It is good to have the Prime Minister back in No 10. If nothing else, his extended absence only serves to remind us just how awful this disease can be – even though many can have it whilst showing few or no symptoms.

His first job is to respond to the calls for a timetable on how we will come out of the lockdown. Businesses and individuals are, completely understandably, eager to know how this will end.

Businesses need to make plans for investment, set timetables for when to bring staff back from furlough, have conversations with suppliers and customers about co-ordination of supply chains. Restarting the economy is fraught with complexities.

Similarly, individuals and families also need that steer on how their lives will re-emerge from lockdown. And this uncertainty continues whilst other countries begin to open up.

The problem is, others may have opened too early. Singapore, having thought it had got through the problems now finds itself retreating towards lockdown again.

Political leaders are concerned about the speed of opening up in different parts of their countries – Germany is a case in point.

Spain has opened to allow school age children to come out of their homes for the first time in month – a concession that we take for granted with our exercise hour.

There are two problems to setting out a timetable for exiting lockdown. The first is that if we get this wrong, many will die.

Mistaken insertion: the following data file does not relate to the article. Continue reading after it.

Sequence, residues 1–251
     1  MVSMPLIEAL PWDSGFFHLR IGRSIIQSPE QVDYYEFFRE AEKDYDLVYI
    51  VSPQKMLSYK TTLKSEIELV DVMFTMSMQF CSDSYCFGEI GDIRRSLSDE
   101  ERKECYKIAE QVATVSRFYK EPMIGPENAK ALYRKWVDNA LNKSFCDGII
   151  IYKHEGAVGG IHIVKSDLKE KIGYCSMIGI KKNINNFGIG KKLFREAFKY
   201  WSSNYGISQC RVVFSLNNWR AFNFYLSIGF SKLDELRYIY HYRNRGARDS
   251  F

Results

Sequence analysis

That is a huge burden for anyone making the decision about easing social distancing. A genuine life and death decision over the future of those people we represent.

The second is more practical. Set a timetable of what will happen and businesses will get the chance to plan.

In theory, a good thing, until best practice from other countries doing likewise across the globe proves that relaxing social isolation is counterproductive.

If we set a timetable, only to come out too early, or find we must change our plans, what extra chaos would that cause to business?

There is no answer. One group of society understandably want early release: another, equally understandably, wants to protect lives and the NHS.

Everyone will have an opinion and their opinion will be based on their own experiences. I don’t suppose we will ever know when the right moment is, even with the benefit of hindsight.

This is a simple trade off – lives affected by coronavirus against lives affected by economic strife.